Meet Sudha, a 40-year-old native of Bangalore, India who has worked for the past five years as a garment worker and peer educator at Laj Exports in the Peenya Industrial Zone. Before this job, she worked at another factory for nine years but left to work at Laj Exports after hearing from others that the management invests in the health and well-being of its workers. As a veteran of the apparel sector, Sudha explained that the main health issues facing most female factory workers are menstrual-related, and how happy and proud she is to be a peer educator. In this role under Swasti Health Catalyst’s worker health and well-being program, Sudha discusses health issues such as family planning, financial literacy, nutrition, and other topics with female workers and tells them where to obtain health services.
Growing up in a small village 80 kilometres outside of Bangalore, Sudha was one of many girls who grew up in extreme poverty. She explained that “there were situations where I lived without having any food” and was not aware of her health care needs and rights. After the death of her father when she was just three months old, money was so scarce that Sudha and her mother couldn’t afford to buy salt to flavor vegetables. After this, Sudha left school at age 11 to start working at a nearby farm, earning two rupees everyday. A few months later, she was married to a 16-year-old boy, who is her husband to this day. After six years of marriage, Sudha became pregnant but had an accident that caused her to suffer a miscarriage and lose the baby, leaving permanent damage that has prevented her from having children.
Sudha at her workstation sewing and stitching garments together along with other female workers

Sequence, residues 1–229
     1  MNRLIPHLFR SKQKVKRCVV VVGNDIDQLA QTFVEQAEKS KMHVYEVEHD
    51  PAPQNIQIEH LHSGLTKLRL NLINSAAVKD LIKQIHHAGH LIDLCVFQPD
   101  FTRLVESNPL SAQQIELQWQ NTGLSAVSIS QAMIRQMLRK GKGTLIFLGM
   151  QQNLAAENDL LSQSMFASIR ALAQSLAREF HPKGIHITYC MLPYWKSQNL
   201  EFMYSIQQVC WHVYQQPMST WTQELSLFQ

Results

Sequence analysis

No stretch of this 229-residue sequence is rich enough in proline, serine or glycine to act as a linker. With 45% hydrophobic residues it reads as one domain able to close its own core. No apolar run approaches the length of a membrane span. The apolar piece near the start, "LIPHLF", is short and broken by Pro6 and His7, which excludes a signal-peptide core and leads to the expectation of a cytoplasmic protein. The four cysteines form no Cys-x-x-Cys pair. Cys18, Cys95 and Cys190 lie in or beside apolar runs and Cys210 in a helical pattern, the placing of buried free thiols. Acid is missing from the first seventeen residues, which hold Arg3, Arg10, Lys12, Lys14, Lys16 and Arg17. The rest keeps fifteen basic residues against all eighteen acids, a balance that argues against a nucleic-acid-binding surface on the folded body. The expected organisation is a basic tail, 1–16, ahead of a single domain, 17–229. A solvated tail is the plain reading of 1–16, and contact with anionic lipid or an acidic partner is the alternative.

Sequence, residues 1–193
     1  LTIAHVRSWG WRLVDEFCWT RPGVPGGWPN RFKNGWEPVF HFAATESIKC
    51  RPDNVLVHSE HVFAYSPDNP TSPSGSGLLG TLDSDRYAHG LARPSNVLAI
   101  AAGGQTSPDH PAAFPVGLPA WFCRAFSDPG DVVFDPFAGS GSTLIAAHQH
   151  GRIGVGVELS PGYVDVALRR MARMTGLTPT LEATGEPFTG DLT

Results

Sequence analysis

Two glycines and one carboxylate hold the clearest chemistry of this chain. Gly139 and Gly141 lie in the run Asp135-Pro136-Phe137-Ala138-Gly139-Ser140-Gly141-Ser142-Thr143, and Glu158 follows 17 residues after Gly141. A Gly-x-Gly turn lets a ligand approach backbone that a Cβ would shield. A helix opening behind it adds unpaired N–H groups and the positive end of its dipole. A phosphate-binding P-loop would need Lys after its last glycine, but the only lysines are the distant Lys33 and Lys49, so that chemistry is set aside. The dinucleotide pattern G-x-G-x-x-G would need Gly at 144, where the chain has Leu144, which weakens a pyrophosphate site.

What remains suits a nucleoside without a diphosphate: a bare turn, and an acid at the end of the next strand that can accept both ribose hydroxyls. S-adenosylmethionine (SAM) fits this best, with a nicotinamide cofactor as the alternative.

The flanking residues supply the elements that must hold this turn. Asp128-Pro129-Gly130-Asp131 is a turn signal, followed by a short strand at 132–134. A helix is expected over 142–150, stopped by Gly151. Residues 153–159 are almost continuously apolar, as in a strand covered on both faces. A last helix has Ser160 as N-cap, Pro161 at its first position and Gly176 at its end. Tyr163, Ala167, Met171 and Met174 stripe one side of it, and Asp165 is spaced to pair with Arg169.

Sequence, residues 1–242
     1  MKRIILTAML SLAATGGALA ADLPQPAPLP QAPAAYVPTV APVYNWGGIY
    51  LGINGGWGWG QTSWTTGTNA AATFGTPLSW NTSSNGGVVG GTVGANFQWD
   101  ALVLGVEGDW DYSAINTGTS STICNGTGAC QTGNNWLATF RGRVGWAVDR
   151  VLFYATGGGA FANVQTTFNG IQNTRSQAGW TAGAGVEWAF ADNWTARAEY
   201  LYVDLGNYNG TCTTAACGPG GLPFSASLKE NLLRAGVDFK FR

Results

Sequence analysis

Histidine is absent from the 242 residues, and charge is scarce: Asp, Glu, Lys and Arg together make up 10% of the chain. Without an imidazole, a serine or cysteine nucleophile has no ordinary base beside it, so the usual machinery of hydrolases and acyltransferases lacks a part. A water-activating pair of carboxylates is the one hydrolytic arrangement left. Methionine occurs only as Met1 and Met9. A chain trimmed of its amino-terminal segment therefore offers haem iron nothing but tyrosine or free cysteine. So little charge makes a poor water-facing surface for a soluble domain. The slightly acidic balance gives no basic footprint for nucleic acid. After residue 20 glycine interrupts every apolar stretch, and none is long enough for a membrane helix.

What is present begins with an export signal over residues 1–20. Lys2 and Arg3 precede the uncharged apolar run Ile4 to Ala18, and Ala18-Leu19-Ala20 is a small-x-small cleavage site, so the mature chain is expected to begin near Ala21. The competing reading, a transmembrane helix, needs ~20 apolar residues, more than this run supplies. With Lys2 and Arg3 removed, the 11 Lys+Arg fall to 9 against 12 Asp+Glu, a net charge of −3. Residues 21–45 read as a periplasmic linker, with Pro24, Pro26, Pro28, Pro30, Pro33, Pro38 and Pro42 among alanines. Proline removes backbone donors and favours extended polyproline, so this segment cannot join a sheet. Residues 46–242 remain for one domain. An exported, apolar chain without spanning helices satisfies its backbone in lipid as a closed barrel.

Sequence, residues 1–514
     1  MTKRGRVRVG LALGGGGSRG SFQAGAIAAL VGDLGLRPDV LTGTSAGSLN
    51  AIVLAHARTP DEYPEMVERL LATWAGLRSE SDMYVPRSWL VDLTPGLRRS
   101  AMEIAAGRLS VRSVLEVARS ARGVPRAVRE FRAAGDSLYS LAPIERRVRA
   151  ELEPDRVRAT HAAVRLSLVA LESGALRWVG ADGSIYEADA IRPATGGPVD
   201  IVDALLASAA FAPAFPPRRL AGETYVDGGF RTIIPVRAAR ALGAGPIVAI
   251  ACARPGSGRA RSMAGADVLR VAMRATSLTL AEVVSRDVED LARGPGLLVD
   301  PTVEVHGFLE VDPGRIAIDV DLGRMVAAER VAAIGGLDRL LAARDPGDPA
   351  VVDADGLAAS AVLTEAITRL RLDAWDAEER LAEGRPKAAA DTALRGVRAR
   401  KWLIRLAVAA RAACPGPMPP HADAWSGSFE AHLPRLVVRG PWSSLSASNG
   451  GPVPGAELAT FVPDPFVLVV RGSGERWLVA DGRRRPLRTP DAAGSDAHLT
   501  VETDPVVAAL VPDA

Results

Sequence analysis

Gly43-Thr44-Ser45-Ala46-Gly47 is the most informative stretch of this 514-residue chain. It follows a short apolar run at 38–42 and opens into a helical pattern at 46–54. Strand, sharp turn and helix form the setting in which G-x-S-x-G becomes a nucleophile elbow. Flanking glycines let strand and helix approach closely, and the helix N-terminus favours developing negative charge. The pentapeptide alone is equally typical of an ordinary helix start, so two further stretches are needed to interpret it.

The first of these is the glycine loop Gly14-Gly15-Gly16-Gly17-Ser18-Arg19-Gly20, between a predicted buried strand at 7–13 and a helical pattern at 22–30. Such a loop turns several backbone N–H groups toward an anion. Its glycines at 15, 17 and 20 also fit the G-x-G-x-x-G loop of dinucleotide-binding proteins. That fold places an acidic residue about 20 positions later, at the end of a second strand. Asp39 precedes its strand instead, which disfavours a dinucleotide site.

Now, Sudha works as a health and well-being peer educator and enjoys teaching other women about how to take care of their bodies and assert their rights. She explained how she got the role: there was a food competition at the factory where the management asked all employees to prepare healthy food at home based on the nutrition information Swasti was teaching them. She ended up winning first prize, was noticed by all the other workers, and was selected to become a peer educator by her supervisor since all the workers now recognized her as a familiar face and leader. Smiling, she said: “I have the courage and confidence to share information with others.” As a peer educator, one of the main issues that Sudha helps educate other workers on is family planning, teaching women about contraception methods and directing them to the on-site clinic or nearby hospital when needed. She proudly said: “We are educating the workers on what the family planning methods are and where they can go to access.” She further explained that some women workers have become so confident discussing this topic that they sometimes approach the wellness facilitators if they have any questions and can’t wait for the training sessions. Sudha also touched upon how the state of reproductive health has changed since she first started in the apparel sector. “Earlier, yes there were problems and no awareness. Now there is media messaging. These days people are starting to talk about spacing pregnancies.”
Since these factory programs are still relatively new in India, workers like Sudha are sometimes questioned by family and friends who ask, “Are you going to the factory for work, or to learn about health? How will the factory pay for it?” Sudha now has the confidence to tell them that she does both, and that the factory takes care of the costs. She even shares the health information with her family members, including her brother who listens to her when she talks about the importance of spacing families. She noted that her interest in healthcare and educating others wasn’t present in her previous role, where she only cared about earning her salary. At Laj Exports, she loves that in addition to working, she feels respected and learns about a variety of health issues. “This is an opportunity; I’m not just learning but I’m educating many workers,” Sudha said. When questioned about what message she would give to all other factory managers, she said immediately: “There are thousands of workers working in your factories like us. Do these kinds of programs for them, it will help them.”